Visual And Performing Arts Framework Components and Curriculum Applications
The California State Department of Education Visual and Performing Arts Framework (1996) specifies that, "Each of the arts disciplines – dance, music, theatre, and the visual arts – maintains a rich body of knowledge that enable students to understand their world in ways that support and enhance their learning in other core subjects. In addition, through this rich body of knowledge, students learn how each of the arts contributes to their own sensitivity of the aesthetic quality of life. Students learn to see what they look at, hear what they listen to, feel what they touch, and understand more clearly what they integrate into their own experience" (page 2). The components of a visual and performing arts curriculum include: artistic perception; creative expression; historical and cultural context; and aesthetic valuing. The unique natural environment of outdoor schools provides students with a variety of aesthetic experiences and opportunities for creative expression.
Sections of the four major content areas described in the Visual and Performing Arts Framework have been identified as important in a residential outdoor education program. These include components in dance, drama/theatre, music, and visual arts. Students at an outdoor school often participate in skits, campfire songs, and nature crafts.
|Visual and Performing Arts Components||Framework Page #||Examples of Outdoor Education Curriculum and Activities|
Goals of Visual and Performing Arts
|6||Participate in arts and crafts activities, skits, storytelling, and songs during campfire.
Create art projects out of natural objects found in nature.
Cooperate with cabin members to produce a campfire skit.
Sing songs; make up verses. Politely listen to and watch performances by other groups.
Enjoy the natural environment at the outdoor school.
Appreciate plants, animals, and the nonliving things in nature.
Observe a sunset, sunrise, constellations, forest, meadow, stream, etc.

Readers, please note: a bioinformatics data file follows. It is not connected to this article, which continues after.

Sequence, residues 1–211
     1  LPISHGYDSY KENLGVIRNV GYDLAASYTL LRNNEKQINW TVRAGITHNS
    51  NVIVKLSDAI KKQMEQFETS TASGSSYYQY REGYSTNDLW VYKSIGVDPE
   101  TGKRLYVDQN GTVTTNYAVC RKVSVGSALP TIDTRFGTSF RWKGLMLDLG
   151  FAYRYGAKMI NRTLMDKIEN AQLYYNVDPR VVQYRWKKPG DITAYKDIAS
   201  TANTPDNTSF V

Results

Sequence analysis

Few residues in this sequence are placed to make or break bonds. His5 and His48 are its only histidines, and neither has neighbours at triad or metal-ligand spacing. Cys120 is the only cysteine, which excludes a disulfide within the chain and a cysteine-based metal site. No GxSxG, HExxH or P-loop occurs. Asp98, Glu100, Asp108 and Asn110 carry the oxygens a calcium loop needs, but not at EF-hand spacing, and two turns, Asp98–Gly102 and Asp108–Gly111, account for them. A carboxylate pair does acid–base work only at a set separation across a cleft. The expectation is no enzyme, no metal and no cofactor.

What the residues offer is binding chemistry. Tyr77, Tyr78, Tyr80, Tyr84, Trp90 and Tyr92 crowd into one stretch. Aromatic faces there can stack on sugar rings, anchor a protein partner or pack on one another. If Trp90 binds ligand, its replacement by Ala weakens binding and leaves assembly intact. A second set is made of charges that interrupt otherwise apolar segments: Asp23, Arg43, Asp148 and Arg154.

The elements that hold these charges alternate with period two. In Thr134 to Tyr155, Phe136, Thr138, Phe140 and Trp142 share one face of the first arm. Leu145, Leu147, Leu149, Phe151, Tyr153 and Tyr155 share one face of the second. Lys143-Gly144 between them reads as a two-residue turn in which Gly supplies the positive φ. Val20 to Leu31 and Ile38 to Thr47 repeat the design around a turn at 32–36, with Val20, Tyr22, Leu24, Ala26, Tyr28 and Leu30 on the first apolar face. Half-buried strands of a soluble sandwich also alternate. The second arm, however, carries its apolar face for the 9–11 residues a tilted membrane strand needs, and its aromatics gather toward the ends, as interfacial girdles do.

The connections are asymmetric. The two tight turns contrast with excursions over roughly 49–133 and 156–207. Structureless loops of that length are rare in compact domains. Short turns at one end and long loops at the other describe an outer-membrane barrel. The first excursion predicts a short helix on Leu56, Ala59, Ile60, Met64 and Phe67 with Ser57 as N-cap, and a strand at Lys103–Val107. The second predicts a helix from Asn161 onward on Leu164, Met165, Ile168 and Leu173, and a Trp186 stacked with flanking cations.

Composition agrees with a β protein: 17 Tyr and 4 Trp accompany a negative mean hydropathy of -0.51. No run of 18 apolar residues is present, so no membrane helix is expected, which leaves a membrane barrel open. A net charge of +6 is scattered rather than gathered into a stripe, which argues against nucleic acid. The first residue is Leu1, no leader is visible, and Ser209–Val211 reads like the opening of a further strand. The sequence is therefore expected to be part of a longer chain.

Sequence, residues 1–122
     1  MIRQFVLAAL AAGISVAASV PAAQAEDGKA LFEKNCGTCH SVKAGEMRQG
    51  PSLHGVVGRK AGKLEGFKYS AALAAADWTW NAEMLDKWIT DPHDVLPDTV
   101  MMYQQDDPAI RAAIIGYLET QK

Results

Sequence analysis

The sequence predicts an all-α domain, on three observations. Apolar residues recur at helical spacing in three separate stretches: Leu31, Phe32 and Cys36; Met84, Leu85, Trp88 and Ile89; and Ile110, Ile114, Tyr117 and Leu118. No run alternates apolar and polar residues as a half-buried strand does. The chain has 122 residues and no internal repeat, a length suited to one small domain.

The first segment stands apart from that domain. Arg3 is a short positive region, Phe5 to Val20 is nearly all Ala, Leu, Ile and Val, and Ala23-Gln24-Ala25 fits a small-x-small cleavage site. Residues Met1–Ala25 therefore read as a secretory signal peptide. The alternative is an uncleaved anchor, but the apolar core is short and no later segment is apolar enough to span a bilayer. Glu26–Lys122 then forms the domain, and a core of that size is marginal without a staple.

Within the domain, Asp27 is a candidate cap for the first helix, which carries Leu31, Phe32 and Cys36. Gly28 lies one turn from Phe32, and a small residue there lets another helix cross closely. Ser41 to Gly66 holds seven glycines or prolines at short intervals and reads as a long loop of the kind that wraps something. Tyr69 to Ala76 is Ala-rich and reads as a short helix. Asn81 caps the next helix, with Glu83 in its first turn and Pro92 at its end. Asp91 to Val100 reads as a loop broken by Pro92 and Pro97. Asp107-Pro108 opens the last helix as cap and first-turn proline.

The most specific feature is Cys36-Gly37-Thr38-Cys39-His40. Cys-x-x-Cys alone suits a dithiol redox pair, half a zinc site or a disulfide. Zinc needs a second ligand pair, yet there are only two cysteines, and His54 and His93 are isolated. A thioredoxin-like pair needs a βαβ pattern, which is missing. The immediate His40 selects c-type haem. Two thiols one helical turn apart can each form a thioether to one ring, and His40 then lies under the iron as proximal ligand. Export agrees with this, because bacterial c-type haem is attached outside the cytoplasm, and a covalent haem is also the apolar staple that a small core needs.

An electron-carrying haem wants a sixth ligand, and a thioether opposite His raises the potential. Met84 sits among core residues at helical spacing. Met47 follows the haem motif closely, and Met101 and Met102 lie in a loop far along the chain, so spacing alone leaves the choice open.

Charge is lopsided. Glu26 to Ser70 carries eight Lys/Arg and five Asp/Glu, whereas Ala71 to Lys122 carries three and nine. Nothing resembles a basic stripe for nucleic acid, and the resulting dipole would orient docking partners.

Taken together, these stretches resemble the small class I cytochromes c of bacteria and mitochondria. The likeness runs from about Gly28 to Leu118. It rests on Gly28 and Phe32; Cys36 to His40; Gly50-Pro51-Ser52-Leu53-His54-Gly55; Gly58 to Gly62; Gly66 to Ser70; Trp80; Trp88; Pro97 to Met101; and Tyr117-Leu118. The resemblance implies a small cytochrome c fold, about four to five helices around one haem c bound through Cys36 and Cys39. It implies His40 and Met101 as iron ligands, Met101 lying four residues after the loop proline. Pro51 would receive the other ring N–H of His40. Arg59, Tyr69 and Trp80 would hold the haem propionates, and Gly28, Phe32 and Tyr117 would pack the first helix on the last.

To develop respect for originality in one's own creative expression and sensitivity and responsiveness to the expression of others.
To develop the capacity to experience aesthetic qualities in the environment.
|Historical and Cultural Context
To develop the capacity to understand and appreciate the art in the place and time of its creation.
|73||Plan and dramatize environmental issues and/or themes.
Tell stories or participate in campfire programs.
|Music To develop listening skills.||53||Listen carefully to learn songs.|
|To develop musical responsiveness, involvement, and discrimination.||52||Take part in all aspects of singing.|
|Learn various parts of songs.|
|Use hand signals and other body language to strengthen concepts and "visualize" what is being sung.|
|Make and play "primitive" musical instruments.|
|Sing many songs during campfire programs. Lead and/or perform songs in front of a group.|
|To develop performance skills, which include singing.||55||Sing a wide variety of songs. Learn the origins and meanings of some songs and discuss why people like to sing|
|To understand that music is a part of living and is related to historical and social movement; people use music to communicate and to express feelings, to lighten labors, to tell about their world, and to satisfy emotional needs.||54|
By focusing on process and product, assist students in developing the capacity to understand their own and others' creative expressions
|91||Participate in various arts and crafts using items and/or inspirations from nature.
Create a miniature replica of a forest.
Sculpture items out of wood, clay, or rock.
Build a texture board.
Weave from natural objects.
Design a nature mosaic or collage.
Sketch, draw, paint, or color a natural scene
Assist students in expanding their capacity to expresses themselves and be able to learn nonverbally
|Participate in movement activities designed to reinforce a concept or term. For example:
The water cycle
Energy movement through a food chain
|Visual and Performing Arts Standards||Standard #||Examples of Outdoor Education Curriculum and Activities|